Bouygues E&S Contracting v Vital Energi Utilities Ltd (Scot, OH, CS - 22.7.2014)
The parties did not have to be given an opportunity to comment on the adjudicators intention to rely on his own experience in taking into account a sample of the contractors invoices after having been given details as to his experience
22 July, 2014
BOUYGUES E&S CONTRACTING UK LTD v VITAL ENERGI UTILITIES LTD
Scotland, Outer House, Court of Session
22nd July 2014
An adjudication took place in respect of the contractor’s claims for monies allegedly due to it under the sub-contract representing the cost of completion of the sub-contract works, in respect of which the adjudicator awarded a specified sum. The adjudicator was a layman in engineering terms and asked for an assessment from a consulting engineer (as his assessor) as to whether the contractor’s invoices on their face related to an issue for determination, namely matters which required to be carried out for the completion or rectification of the sub-contract works. The assessor’s response based on a sample of 10% of the invoices was in the affirmative. The adjudicator accepted this advice. The adjudicator stated in this connection that (i) In his experience of similar disputes in court, the court may resolve the issues by consideration of a sample of invoices/claims etc and (ii) He considered that such an approach was all the more acceptable in the context of adjudication.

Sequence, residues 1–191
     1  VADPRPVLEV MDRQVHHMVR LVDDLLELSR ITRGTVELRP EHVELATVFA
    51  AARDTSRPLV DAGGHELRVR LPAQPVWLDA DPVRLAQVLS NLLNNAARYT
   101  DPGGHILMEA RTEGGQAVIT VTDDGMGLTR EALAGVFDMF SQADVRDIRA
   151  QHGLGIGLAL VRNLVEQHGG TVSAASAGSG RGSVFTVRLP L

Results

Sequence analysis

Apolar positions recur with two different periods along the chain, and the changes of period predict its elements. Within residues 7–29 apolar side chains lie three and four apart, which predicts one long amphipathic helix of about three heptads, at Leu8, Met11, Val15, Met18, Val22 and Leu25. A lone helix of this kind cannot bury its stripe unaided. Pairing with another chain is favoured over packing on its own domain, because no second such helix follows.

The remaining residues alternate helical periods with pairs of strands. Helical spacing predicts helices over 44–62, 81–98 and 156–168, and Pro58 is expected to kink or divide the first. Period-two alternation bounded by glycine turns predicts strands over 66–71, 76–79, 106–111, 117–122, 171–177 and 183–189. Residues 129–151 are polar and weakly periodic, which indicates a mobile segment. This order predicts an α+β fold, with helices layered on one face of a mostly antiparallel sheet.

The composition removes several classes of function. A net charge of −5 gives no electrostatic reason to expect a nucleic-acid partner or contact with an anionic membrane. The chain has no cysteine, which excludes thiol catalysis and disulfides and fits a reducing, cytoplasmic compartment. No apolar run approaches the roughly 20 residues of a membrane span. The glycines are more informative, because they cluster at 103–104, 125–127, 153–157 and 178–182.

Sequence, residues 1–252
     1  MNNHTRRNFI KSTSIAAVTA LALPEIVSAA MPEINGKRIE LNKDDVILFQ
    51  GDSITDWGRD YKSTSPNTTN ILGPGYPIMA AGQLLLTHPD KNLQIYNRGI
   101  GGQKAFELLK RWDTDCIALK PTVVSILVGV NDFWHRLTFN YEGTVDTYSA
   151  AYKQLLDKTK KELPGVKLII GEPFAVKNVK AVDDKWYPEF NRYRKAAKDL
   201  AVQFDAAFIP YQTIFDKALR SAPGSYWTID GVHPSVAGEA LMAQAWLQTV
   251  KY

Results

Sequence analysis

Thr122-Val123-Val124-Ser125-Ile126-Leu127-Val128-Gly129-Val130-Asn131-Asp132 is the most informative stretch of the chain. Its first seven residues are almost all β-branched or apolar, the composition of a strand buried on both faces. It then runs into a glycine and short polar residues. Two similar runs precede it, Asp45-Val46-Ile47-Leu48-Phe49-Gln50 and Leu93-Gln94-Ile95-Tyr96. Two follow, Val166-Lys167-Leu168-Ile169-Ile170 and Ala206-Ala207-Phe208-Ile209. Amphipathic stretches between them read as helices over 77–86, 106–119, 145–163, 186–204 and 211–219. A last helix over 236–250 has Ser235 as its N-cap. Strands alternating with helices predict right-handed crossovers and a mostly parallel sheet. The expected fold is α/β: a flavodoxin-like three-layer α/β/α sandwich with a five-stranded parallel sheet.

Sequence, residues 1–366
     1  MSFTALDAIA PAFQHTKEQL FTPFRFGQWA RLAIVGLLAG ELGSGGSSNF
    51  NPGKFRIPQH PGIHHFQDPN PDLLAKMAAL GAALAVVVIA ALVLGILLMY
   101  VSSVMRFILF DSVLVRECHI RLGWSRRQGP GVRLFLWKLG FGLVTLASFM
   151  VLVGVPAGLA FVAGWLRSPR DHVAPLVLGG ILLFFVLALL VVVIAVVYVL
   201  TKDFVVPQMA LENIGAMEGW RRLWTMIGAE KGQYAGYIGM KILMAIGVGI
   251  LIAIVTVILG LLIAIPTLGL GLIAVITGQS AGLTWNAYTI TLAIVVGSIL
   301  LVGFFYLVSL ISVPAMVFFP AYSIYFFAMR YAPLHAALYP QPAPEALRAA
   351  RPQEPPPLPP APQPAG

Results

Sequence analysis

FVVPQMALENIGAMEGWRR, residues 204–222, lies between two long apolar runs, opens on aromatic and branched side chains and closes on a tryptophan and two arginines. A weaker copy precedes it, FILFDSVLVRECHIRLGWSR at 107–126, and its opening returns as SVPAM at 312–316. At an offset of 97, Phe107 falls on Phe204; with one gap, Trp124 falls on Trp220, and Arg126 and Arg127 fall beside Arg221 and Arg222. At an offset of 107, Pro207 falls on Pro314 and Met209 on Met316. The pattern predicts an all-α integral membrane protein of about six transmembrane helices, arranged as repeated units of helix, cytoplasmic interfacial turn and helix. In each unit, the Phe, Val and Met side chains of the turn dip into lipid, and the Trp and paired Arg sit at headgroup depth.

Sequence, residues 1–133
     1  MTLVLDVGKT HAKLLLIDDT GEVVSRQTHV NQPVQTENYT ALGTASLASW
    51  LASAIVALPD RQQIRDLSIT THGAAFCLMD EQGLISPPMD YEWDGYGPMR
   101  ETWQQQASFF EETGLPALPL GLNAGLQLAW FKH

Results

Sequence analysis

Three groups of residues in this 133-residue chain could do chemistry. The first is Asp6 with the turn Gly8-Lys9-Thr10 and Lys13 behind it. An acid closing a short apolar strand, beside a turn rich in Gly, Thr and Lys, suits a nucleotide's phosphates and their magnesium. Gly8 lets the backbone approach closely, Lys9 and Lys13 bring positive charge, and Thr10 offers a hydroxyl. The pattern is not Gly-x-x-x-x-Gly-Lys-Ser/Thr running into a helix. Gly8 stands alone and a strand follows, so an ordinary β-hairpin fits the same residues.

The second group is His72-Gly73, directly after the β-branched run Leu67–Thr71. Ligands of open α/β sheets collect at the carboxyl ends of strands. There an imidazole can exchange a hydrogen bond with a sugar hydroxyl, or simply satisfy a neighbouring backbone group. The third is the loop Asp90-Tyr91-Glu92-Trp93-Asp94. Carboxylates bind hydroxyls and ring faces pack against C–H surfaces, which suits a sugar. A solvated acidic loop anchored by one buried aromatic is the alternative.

The sub-contractor contended that the parties should have had an opportunity to comment on the adjudicator’s intention to rely on his own experience in taking into account the sample after having been given details as to his experience. Lord Malcolm rejected that contention for the reasons below.
This was not a case of an adjudicator adding to the evidence. Had there been an unauthorised inspection or use of any undisclosed personal knowledge of the adjudicator as to the details of the project, that would have been different. However, it was unobjectionable for the adjudicator to use and refer to his own experiences as an advocate to the effect that judges accept sampling exercises of the kind carried out by the assessor. It is common for a decision-maker to draw on his own experience without giving advance notice of this to the parties for their comment. The problem in the decision of Lord Glennie relied on by the sub-contractor was the introduction of new matters, which decision could therefore be distinguished.